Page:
Installing the latest BIOS version from within Proxmox VE (Debian Stretch).`

This PowerEdge R610 is equipped with 4x 900GB SAS drives running in a RAID10 providing for an effective capacity of 1.8TB. Installing Proxmox VE is straight forward. First, download the latest ISO image and transfer it to a flash drive.

$ time sudo dd bs=4M if=proxmox-ve_5.2-1.iso of=/dev/disk/by-id/usb-JetFlash_Transcend_4GB_1R7MQ9WY-0:0 conv=fsync; sync; sync

With /dev/disk/by-id/usb-JetFlash_Transcend_4GB_1R7MQ9WY-0:0 being the absolute path to your flash drive. Once the process is complete unplug the drive from your workstation and plug it into any of the available USB ports of your server. Next, fire up the machine and boot from the pen drive by opening the boot manager during boot by pressing F11.

Reserving a new IP address on the mgmt segment while waiting for the Proxmox VE installer to finish.

Once the installation is complete you'll be prompted to reboot the machine. Once it's booted into the OS log in as the root user and execute the following steps to complete your initial setup:

I encourage you to buy a subscription. Why? Because you want to support the livelihood of the team behind proxmox and obviously because it enables access to the enterprise repository which provides for real-time updates.

However, assuming that you're just starting out the community repository will suffice. On a default installations the Enterprise repository is enabled by default. In order to activate the community repository follow the steps outlined below:

# rm /etc/apt/sources.list.d/pve-enterprise.list

First, remove the enterprise repository. If you don't you'll get an error when trying to update the repository cache.

# cat <<EOF> /etc/apt/sources.list.d/proxmox.list
deb stretch pve-no-subscription

Afterwards install the community repository, refresh all software repositories, upgrade the entire system and reboot the machine.

# apt update
# apt full-upgrade -y
# reboot

Afterwards you'll have a fully updated system. That is except features that have just been implemented as passing them down from the enterprise repository is intentionally being delayed. However, security related patches are being made available for both; the enterprise and community repositories!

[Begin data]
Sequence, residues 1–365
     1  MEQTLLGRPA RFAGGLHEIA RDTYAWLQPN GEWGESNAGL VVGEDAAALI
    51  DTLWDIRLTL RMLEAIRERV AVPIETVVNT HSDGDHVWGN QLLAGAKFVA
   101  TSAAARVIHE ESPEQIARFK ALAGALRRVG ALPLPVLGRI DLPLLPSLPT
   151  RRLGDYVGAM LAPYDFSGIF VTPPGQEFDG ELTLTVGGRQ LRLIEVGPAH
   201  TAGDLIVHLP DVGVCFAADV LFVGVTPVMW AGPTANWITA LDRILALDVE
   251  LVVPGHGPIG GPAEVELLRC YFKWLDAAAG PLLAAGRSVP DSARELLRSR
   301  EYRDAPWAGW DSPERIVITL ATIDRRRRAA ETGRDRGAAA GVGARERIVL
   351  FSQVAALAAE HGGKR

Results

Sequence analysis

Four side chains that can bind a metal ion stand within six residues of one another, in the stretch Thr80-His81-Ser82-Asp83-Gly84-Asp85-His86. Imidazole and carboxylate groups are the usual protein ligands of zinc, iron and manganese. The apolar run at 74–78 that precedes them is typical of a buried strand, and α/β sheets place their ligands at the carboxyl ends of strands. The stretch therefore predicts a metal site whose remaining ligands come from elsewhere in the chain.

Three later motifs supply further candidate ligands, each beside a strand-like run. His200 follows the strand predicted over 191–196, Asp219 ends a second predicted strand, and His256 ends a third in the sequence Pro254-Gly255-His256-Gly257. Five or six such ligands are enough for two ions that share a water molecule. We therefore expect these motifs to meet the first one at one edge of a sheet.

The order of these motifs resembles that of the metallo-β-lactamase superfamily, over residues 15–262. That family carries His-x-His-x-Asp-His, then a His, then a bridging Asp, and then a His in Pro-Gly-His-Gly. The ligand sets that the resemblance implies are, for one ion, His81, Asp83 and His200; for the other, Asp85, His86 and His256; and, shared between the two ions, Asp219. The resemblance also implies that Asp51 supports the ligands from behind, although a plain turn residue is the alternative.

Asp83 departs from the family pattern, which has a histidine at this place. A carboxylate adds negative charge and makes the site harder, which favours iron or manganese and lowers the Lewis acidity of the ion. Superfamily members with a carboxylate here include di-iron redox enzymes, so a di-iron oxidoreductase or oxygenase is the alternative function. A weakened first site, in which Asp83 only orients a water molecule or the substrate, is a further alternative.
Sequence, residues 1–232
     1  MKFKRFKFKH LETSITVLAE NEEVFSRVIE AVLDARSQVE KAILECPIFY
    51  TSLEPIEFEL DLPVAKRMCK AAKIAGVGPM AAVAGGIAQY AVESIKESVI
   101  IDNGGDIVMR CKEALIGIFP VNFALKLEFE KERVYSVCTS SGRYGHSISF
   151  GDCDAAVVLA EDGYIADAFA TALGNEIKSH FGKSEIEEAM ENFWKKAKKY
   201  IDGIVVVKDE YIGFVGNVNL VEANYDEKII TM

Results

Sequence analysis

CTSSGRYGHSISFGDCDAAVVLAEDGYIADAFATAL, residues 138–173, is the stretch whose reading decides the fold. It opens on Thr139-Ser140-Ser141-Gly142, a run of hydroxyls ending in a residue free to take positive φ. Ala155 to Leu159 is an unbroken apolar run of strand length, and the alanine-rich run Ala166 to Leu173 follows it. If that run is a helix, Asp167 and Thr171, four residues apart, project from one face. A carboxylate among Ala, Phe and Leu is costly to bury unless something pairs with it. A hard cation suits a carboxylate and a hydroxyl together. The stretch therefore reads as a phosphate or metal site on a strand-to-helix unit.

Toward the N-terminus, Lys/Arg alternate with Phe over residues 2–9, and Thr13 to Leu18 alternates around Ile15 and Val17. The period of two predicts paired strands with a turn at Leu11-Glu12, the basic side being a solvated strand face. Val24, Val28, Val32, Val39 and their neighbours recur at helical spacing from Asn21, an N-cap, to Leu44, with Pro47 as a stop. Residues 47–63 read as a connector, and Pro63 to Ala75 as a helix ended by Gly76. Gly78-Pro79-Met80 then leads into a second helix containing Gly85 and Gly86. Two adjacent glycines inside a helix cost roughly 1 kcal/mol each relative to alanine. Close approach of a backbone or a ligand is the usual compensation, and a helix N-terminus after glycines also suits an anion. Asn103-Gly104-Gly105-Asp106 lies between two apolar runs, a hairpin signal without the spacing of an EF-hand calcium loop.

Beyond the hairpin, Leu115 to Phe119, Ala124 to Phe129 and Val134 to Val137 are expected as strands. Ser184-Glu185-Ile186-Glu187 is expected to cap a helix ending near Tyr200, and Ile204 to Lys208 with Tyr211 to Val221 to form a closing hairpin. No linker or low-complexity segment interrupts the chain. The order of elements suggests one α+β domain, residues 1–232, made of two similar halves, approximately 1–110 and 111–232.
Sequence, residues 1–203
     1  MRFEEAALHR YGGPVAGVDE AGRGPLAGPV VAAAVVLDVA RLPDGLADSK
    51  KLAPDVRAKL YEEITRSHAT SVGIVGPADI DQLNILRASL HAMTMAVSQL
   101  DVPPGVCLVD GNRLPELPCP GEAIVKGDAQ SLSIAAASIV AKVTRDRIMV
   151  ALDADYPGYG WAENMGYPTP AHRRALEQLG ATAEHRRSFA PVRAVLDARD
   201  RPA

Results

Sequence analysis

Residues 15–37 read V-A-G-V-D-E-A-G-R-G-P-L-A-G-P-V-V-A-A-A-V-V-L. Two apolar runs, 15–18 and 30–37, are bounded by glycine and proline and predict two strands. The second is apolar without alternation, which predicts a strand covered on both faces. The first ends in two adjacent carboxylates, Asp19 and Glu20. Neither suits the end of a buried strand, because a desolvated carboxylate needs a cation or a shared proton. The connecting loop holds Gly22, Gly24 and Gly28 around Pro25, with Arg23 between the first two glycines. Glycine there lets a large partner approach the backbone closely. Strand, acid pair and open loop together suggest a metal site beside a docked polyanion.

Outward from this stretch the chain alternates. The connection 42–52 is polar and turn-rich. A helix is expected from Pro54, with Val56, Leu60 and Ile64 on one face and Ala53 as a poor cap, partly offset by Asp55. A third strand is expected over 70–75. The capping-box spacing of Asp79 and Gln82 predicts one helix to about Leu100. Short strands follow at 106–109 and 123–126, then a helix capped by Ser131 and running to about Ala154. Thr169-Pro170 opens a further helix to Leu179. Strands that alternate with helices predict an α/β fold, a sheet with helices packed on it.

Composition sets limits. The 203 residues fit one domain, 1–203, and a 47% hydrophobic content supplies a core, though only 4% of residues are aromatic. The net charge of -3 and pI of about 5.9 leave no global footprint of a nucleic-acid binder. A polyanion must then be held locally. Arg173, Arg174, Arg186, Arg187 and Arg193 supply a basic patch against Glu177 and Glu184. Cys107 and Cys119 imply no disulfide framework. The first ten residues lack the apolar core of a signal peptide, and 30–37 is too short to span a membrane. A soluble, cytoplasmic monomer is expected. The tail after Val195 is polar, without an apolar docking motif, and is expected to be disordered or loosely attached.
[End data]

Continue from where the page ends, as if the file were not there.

The default network configuration bridges the first available network interface of the machine. The configuration lives in /etc/network/interfaces and while there are ways around it, changes made via web frontend will require you to reboot the machine in order to be applied.

Now is a good time to verify that all possible mitigations against Meltdown and Spectre are in place. In this regard the good folks within the INFOSEC community have been quite busy.

In particular I want to give a massive shoutout to Stéphane Lesimple (aka speed47) a security professional with OVH who developed the Spectre & Meltdown vulnerability/mitigation checker for Linux. The utility is completely written in shell and runs on all linux as well as some BSD flavors without requiring any additional dependencies.

In its current version the utility checks for and verifies the mitigation status for all Meltdown and Spectre vulnerabilies currently known - namingly:


# cd /tmp/
# wget
# sh --explain

I've trimmed the output above using grep to only include information relevant to this article. I encourage you to read through every section to understand how vulnerabilities are being mitigated. The script will also make suggestions on how to enhance mitigations e.g. by enabling certain settings in your kernel build config.

That's it. We will continue this once I've set up the cluster which will cover Proxmox VE  in a lot more detail including storage network design and capacity planning, among others.